The pain never stopped, except during sleep. The most frightening aspect was that the headache pounded for six weeks without a break.
By the time the lab work and the MRI results were back, it was too late to head off the headache at the pass. For lack of a more precise diagnosis, it was dubbed an atypical migraine, followed by a similar episode five years later.
The most help information on why migraines occur, how to prevent them and which medications are effective in treating them comes from the Mayo Clinic. There is a tremendous variation in how differently migraine patients respond to various treatments. Many find that their best bet for relief is to crawl into bed for a few hours in a darkened room.
For others, however, medication is the answer. Migraine medications are divided into two types: those that help prevent the headaches and those that relieve the pain associated with them. Only a physician can determine which is appropriate for each patient. However, here are five considered highly effective, depending on the patient.
About half of individuals afflicted with migraine headaches could be helped by preventive medications. However, only about 10 percent take them. The three most prescribed include:
Cardiovascular drugs. Beta blockers can reduce the frequency and severity of attacks. So can calcium channel blockers (brand names Calan, Isoptin). Doctors also use antihypertensive medications such as Prinivil, Zestril and Atacand.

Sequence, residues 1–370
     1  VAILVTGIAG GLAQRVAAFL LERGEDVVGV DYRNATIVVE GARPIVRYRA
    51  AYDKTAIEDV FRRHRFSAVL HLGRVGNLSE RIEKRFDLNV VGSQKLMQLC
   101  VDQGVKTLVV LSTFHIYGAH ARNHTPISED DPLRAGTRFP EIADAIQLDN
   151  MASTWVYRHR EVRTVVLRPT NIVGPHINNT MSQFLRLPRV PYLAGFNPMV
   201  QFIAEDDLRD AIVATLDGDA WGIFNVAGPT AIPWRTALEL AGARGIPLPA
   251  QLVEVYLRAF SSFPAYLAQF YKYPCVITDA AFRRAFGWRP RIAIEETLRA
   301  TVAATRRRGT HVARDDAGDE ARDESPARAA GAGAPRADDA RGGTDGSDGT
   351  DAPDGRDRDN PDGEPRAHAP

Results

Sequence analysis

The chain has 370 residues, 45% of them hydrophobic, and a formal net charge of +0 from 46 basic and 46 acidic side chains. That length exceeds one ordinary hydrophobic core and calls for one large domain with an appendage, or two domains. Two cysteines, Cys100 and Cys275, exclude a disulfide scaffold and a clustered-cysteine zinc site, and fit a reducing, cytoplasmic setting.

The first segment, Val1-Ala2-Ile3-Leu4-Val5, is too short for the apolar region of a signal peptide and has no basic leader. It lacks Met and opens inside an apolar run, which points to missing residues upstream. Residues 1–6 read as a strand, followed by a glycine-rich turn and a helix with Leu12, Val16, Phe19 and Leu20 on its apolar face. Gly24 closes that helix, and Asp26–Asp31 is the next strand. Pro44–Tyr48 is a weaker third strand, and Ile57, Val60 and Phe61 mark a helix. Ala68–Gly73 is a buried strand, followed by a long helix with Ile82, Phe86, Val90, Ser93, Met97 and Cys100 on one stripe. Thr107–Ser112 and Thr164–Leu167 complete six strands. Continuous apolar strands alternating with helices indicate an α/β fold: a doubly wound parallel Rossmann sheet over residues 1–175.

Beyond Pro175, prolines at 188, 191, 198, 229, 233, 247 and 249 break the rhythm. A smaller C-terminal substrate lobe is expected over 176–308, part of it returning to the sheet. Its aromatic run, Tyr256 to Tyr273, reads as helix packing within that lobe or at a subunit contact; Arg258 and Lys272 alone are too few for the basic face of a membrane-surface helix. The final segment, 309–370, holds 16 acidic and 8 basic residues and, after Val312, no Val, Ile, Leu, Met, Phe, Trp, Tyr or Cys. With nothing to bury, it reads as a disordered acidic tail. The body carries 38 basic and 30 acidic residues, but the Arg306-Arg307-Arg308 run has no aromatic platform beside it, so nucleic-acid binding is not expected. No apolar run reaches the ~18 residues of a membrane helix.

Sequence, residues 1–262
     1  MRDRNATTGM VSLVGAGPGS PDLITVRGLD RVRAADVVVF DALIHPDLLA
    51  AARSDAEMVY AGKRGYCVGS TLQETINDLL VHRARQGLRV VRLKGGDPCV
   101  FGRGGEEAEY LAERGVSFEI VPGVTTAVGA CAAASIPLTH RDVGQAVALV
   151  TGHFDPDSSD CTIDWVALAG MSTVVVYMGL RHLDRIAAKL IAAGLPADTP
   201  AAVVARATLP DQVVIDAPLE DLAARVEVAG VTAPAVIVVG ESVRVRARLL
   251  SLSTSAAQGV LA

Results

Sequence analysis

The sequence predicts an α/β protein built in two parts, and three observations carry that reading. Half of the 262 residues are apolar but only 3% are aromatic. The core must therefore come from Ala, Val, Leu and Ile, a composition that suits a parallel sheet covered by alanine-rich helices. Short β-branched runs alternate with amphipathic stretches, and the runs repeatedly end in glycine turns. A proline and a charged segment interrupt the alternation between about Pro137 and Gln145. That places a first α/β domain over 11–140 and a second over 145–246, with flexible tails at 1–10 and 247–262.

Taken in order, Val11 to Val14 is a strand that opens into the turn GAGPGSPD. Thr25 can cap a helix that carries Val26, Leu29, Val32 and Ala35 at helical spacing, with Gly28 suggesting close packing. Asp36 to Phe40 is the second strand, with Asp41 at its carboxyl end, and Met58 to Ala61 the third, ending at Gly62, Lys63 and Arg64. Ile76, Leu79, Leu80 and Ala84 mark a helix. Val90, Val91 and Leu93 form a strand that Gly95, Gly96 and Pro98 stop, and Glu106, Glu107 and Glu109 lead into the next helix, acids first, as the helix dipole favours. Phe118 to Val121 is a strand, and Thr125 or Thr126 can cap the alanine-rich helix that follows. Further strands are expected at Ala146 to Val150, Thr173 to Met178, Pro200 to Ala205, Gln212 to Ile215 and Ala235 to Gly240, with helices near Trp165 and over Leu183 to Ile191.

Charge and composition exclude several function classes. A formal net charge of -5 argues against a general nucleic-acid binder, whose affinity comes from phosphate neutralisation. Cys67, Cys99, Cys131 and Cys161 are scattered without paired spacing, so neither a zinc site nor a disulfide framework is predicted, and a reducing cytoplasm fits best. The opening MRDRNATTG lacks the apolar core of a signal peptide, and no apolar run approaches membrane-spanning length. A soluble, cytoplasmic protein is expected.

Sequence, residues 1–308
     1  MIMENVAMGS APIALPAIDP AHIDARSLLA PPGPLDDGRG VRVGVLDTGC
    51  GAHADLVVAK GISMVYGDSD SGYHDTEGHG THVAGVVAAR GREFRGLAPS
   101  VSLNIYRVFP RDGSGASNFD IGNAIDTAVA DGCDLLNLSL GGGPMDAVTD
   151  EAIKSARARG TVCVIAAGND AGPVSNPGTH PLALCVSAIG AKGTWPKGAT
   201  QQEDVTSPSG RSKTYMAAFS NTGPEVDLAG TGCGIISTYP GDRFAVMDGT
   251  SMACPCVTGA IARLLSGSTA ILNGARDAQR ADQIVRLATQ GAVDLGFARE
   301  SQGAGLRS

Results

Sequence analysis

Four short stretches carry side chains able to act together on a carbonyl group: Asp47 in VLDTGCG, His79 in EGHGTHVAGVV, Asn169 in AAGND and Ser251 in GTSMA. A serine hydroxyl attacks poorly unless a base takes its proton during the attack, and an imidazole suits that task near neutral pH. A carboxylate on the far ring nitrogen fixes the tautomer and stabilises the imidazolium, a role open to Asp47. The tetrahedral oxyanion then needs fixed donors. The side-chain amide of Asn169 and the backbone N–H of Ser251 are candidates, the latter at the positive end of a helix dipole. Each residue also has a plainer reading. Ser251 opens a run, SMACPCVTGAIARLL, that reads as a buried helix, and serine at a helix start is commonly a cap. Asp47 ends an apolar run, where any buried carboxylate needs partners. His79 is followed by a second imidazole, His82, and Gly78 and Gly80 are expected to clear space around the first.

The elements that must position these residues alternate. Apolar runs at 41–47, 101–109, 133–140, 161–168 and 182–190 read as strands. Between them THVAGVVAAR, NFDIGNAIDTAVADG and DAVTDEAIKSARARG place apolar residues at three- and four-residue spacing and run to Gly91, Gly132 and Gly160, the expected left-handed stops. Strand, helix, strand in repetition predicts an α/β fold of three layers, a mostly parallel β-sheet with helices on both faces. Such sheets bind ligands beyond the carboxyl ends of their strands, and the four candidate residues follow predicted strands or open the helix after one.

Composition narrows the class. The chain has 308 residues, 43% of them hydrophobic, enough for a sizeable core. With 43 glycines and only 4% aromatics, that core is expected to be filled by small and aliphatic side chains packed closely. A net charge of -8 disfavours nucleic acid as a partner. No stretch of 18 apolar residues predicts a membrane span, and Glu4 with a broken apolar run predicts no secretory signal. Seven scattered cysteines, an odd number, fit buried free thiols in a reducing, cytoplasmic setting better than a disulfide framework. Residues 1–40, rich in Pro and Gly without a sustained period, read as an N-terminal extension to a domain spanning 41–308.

Antidepressants. The most effective medications help prevent some types of headaches by affecting the levels of serotonin and other chemicals. Examples are Pamelor and Vivactil. The norepinephrine reuptake inhibitor (SNRI) Effexor is also considered effective.
Anti-seizure drugs. At moderate doses, drugs such as Depakote, Topamax and Neurontin can cut the occurrence of migraines.
Two types of medications are most used to relieve the horrific pain associated with migraines:
Nonsteroidal anti-inflammatories (NSAIDs). They include drugs such as Advil, Motrin and aspirin. Excedrin Migraine is specifically marketed to treat the pain from these headaches. It contains a combination of aspirin, caffeine and acetaminophen.
Triptans. They’re particularly effective for relieving the pain, nausea and light and sound sensitivity associated with severe attacks. They include brands such as Imitrex, Axert, Maxalt, Amerge, Zomig, Frova and Relpax. The newest, Treximet, came on the market in 2008.
For patients whose episodes last more than 48 hours, physicians sometimes prescribe ergot (Migergot, Cafergot). Anti-nausea medications also bring relief to migraine sufferers plagued by vomiting.
Mayo Clinic site